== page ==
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As small businesses try to stay afloat, federal loan program falters

In her hands, Tobie Whitman carries her pride and joy, as well as her livelihood.

“We source everything from as nearby as possible,” motioning to the bouquet in her hands.

The florist owns

Little Acre Flowers

in Washington, D.C., a small business with six employees.

Lately, business has been tough.

“I'd say about a month ago some of our event clients, who were planning weddings or bar mitzvahs, began to reach out to us and say that they were thinking about possibly having to change their plans,” Whitman said. “And that's when we thought to ourselves, ‘Oh wow, this is really going to be a big deal for our business.’”

And it has been a big deal.

Their flower orders for events –-gone. That side of the business is down 100 percent. The shop is surviving on a small number of daily flower deliveries and something else.

“We're dipping into the savings that we have to keep people on board,” Whitman said.

The federal government recently passed the $2 trillion “

Coronavirus Aid, Relief, and Economic Security Act

,” better known as the


. In it, it provides more than $349 billion for small businesses in the “Paycheck Protection Program.” It’s designed to help small businesses hold on to their employees.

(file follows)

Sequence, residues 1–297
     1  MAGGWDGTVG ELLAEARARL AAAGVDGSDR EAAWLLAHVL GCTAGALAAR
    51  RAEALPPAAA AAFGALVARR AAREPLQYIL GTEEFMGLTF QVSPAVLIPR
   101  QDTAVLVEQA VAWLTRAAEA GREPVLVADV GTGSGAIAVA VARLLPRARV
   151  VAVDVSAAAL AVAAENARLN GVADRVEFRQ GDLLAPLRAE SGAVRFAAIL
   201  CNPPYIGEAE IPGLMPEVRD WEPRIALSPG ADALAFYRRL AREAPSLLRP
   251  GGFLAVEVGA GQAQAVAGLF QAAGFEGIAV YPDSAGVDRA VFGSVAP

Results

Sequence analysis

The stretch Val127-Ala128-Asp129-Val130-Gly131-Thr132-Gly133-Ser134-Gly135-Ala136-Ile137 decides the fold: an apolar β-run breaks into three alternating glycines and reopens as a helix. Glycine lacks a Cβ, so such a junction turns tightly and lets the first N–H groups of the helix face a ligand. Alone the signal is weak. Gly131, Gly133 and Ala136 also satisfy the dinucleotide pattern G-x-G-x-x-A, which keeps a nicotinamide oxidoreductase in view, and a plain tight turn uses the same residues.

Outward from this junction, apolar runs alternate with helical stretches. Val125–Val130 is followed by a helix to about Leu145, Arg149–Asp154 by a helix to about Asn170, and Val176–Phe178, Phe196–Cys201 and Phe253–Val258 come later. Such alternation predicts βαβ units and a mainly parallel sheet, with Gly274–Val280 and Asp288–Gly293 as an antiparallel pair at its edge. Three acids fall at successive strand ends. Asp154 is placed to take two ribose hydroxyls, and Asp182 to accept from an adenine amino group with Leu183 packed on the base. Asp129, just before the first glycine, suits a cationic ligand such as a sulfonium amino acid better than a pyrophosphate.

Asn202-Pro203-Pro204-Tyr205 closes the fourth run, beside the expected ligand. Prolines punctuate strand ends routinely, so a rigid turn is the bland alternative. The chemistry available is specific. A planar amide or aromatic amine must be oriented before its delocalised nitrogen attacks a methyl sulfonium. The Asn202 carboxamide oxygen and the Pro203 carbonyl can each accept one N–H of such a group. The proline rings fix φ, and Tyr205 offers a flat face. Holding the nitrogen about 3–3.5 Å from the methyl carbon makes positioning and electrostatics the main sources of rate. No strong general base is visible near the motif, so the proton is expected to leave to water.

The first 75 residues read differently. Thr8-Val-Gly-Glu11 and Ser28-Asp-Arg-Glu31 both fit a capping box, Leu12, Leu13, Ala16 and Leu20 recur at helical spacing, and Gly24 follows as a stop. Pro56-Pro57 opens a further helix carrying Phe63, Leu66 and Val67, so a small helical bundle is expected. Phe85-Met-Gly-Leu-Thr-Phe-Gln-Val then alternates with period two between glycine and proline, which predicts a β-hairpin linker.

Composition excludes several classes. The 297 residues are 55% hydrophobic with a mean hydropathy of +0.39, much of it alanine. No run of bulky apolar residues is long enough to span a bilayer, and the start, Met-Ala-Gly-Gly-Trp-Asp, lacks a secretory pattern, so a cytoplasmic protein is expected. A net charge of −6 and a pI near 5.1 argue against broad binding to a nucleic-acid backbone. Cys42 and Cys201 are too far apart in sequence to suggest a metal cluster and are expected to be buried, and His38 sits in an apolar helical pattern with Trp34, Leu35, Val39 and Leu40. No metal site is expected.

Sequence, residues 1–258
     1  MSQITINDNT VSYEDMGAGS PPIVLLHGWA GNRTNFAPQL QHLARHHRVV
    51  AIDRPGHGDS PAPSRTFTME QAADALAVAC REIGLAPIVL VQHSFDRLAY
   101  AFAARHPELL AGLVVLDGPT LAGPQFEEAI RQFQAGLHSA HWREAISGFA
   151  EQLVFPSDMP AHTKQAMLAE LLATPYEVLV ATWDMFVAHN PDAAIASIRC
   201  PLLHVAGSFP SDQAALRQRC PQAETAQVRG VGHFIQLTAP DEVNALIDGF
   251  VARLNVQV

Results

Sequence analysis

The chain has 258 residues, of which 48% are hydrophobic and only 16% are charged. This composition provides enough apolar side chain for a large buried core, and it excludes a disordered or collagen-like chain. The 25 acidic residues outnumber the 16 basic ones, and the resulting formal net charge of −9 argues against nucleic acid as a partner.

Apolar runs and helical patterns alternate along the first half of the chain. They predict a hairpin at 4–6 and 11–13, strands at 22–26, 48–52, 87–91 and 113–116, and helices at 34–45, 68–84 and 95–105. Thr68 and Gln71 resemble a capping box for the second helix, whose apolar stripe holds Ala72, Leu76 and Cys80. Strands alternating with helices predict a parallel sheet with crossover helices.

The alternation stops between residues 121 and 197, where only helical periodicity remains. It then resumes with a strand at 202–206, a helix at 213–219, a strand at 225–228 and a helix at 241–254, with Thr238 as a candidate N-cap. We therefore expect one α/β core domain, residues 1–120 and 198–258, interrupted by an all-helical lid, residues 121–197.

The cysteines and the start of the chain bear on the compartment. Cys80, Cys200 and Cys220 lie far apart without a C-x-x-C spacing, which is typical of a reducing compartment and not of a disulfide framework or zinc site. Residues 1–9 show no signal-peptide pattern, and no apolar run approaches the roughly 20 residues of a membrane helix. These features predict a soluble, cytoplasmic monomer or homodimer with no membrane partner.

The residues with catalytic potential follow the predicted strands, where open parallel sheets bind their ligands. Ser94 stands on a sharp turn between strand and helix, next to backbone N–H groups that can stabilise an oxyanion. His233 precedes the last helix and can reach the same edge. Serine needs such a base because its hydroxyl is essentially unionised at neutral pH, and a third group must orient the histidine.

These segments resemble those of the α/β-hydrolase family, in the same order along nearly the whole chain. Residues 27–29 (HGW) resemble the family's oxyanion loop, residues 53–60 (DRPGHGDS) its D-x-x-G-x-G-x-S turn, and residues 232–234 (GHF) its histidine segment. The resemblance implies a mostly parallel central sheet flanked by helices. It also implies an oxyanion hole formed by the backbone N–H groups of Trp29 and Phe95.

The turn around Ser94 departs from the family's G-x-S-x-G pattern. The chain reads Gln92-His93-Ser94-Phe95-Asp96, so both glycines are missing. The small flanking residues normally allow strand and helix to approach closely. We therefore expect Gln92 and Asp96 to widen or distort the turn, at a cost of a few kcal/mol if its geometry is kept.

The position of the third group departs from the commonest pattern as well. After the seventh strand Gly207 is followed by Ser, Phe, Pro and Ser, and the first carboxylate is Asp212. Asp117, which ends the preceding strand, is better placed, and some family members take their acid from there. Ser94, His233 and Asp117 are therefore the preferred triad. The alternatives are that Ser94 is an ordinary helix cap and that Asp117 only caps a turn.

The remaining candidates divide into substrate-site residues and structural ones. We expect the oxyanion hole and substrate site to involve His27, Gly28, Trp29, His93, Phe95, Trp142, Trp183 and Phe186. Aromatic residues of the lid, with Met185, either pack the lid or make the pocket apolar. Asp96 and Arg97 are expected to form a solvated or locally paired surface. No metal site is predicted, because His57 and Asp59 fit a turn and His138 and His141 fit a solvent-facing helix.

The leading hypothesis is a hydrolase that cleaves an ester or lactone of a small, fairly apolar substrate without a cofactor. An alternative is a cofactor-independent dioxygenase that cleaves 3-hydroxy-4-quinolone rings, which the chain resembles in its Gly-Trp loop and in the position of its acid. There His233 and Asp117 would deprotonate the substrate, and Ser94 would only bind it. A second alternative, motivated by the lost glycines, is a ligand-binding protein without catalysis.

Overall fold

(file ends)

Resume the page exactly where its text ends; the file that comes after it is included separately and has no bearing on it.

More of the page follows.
“Billions of dollars in small business loans have already been processed through Paycheck Protection Programs,” President Donald Trump said on April 5. “So, we went out on Friday and, literally, it’s become so popular. It’s been worked with the banks. They get it to the small business.”

However, it hasn’t worked quite as smoothly as that.

Banks report a confusing lending program process, which is limiting their ability to get those emergency loans out to small businesses.

Wells Fargo announced it would no longer be accepting any more new applications, because the bank already reached the program’s $10 billion loan maximum. That prompted the Federal Reserve to announce it would now allow the bank to go beyond that amount.

On top of that, the Small Business Administration’s computer servers crashed, as banks attempted to submit those loan applications.

Back at Little Acre Flowers, Whitman said they plan to apply for the federal loan, but in the meantime, also applied for a small business grant from the city to help stay afloat.

"We're small business,” she said. “We're like a family."

All part of an effort to keep the door to Little Acre Flowers open for as long as possible – like so many other small businesses are trying to do.

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